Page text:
Alone among the three, Francisco never heard the Lady’s words, although he saw her and felt her presence. After the first apparition, Lucia conveyed the Lady’s message to him, that he would go to heaven if he prayed many Rosaries. In the second apparition, Lucia asked to be taken to heaven, and the Lady replied that Francisco and Jacinta would be taken soon, but Lucia would have to wait for a time. She died February 13, 2005 at the age of 97.
In the third apparition, the children were given a secret, including a vision of hell, which so changed them that they became more like adults than children. At this time the Mayor of the district, Artur de Oliveira Santos, a Freemason, devised a scheme to discredit the apparitions by terrorizing the children. He tried to bully them into admitting they lied, threatened to boil them in oil if they withheld the Lady’s “Secret” (Francisco showed extravagant courage in anticipation of going to heaven), and jailed them to keep them from their appointment with the Lady on the day of the fourth apparition (August 13). They kept their appointment two days later.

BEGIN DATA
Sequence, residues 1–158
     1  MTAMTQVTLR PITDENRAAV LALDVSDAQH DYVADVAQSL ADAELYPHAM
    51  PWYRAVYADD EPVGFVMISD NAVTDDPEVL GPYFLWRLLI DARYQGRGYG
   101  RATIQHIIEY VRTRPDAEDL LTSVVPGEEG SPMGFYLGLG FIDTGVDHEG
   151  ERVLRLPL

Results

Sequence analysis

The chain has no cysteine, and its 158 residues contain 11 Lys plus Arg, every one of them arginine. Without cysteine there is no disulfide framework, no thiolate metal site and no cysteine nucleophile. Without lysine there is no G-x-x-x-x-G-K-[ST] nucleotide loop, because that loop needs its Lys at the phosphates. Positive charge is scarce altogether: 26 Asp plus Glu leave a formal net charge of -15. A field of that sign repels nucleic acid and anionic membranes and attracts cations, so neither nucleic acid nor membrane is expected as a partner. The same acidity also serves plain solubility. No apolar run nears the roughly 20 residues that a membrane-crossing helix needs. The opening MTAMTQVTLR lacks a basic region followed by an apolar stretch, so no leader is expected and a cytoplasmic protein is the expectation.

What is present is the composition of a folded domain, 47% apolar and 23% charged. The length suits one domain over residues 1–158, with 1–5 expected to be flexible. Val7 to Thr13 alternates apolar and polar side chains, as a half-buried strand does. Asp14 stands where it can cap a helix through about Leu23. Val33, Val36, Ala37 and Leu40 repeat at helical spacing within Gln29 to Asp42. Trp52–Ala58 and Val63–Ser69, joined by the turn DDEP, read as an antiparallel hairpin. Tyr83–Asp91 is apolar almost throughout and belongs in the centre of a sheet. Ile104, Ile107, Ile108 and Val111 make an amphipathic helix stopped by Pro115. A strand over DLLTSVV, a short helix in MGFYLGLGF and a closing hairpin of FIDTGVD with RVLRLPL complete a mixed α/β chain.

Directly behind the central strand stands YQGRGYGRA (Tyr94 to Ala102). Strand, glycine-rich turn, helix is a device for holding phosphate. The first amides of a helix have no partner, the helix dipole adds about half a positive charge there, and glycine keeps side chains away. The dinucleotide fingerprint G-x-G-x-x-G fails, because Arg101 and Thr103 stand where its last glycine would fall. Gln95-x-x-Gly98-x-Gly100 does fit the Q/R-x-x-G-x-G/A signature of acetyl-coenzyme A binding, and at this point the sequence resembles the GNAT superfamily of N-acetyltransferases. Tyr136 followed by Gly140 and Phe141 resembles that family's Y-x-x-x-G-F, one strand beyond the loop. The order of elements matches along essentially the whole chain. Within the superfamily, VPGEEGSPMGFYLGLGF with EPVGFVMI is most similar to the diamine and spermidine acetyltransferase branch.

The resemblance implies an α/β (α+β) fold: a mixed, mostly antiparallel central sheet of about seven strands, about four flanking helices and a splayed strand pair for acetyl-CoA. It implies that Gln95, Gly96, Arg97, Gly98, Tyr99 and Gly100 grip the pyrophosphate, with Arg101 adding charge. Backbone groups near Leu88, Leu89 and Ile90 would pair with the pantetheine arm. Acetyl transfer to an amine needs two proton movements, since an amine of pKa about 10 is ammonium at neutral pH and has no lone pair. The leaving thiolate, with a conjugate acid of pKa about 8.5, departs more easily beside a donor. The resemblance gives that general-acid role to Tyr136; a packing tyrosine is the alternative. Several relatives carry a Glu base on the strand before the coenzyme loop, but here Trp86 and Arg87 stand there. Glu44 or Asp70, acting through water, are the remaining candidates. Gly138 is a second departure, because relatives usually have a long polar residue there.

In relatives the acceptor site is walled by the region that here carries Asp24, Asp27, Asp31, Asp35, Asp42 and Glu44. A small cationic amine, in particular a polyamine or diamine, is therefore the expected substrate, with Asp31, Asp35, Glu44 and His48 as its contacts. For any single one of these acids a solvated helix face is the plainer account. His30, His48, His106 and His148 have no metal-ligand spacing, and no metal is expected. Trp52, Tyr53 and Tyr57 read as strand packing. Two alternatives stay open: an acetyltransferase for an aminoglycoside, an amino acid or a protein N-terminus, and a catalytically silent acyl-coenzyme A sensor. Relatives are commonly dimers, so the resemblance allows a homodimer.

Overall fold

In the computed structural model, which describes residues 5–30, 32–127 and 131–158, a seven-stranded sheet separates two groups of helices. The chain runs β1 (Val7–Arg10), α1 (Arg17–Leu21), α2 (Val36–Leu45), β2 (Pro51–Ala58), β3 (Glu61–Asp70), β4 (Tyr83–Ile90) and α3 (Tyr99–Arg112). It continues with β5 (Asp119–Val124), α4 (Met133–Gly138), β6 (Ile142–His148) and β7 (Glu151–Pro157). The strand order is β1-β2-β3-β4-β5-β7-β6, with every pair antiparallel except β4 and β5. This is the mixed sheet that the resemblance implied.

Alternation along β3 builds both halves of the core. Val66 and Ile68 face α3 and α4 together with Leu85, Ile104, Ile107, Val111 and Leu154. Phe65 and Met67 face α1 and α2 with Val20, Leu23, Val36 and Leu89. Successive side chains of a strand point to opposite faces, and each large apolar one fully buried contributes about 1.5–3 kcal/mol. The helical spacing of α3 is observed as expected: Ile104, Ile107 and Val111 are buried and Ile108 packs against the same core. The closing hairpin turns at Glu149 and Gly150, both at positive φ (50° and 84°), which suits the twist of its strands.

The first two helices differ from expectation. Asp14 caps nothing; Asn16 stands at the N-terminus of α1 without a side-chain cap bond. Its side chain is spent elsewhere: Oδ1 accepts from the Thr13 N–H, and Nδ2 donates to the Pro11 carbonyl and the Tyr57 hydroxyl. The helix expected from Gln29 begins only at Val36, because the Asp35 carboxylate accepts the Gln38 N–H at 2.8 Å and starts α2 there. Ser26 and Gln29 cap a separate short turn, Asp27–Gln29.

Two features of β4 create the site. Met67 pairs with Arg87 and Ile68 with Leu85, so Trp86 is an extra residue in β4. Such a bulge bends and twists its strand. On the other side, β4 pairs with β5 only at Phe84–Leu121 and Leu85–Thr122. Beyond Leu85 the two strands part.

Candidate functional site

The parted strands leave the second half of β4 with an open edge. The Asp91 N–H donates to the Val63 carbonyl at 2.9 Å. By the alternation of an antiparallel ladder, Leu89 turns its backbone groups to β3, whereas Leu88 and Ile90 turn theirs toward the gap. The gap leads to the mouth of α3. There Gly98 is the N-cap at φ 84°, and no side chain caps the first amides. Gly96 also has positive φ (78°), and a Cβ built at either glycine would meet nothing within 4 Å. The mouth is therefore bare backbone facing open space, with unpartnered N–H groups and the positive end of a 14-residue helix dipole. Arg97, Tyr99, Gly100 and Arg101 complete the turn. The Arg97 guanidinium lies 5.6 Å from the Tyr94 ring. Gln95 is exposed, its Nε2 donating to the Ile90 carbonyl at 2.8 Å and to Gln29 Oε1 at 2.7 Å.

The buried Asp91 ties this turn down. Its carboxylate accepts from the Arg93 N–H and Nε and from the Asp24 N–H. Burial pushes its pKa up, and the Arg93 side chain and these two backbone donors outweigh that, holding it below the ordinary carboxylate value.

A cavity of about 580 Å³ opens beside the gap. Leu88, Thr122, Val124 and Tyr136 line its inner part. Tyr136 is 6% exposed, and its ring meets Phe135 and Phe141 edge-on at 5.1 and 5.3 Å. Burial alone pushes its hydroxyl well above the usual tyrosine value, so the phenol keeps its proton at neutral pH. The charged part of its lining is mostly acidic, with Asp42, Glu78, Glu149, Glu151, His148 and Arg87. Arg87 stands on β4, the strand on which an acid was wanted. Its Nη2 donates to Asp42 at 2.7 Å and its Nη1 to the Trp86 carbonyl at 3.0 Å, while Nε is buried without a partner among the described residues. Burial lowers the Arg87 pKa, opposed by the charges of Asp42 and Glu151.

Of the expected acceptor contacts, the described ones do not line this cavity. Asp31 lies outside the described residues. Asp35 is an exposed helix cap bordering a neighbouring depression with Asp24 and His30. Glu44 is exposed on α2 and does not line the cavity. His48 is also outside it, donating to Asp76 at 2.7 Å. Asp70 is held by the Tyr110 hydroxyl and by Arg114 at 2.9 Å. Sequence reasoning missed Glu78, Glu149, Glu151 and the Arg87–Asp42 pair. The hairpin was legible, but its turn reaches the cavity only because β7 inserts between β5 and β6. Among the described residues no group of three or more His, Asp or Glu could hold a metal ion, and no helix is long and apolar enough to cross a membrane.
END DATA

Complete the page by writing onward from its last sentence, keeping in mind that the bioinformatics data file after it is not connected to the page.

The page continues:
For the fifth apparition, tens of thousands attended, having been alerted by the press to the Mayor’s controversy with the children. Among the curious was a seminary professor from Santarem, Dr. Manuel Formigao, who questioned the children afterward and became convinced of their veracity.
When the public learned of a miracle promised for the next appointed day, many resolved to be there, and on October 13 perhaps 70 thousand people were present for the miracle of the sun.
After the apparitions ended, Francisco was enrolled in school but played truant as often as possible. He preferred to spend time praying to the “Hidden Jesus” in the Tabernacle. His great concern was to console His sorrowing Lord and the Heart of His Mother. When asked what he wanted to be when he grew up, Francisco answered, “I don’t want to be anything. I want to die and go to heaven.”
In August 1918, when World War I was nearing an end, Francisco and Jacinta both contracted influenza. They had short reprieves, but their decline was inevitable. In April of the following year, Francisco, knowing his time was short, asked to receive the Hidden Jesus for the first time in Holy Communion. The next morning, April 4th, at ten o’clock, he died with a glow on his shrunken face. He was buried the next day in a little cemetery in Fatima, across from the parish church, and later translated to the Sanctuary at Cova da Iria.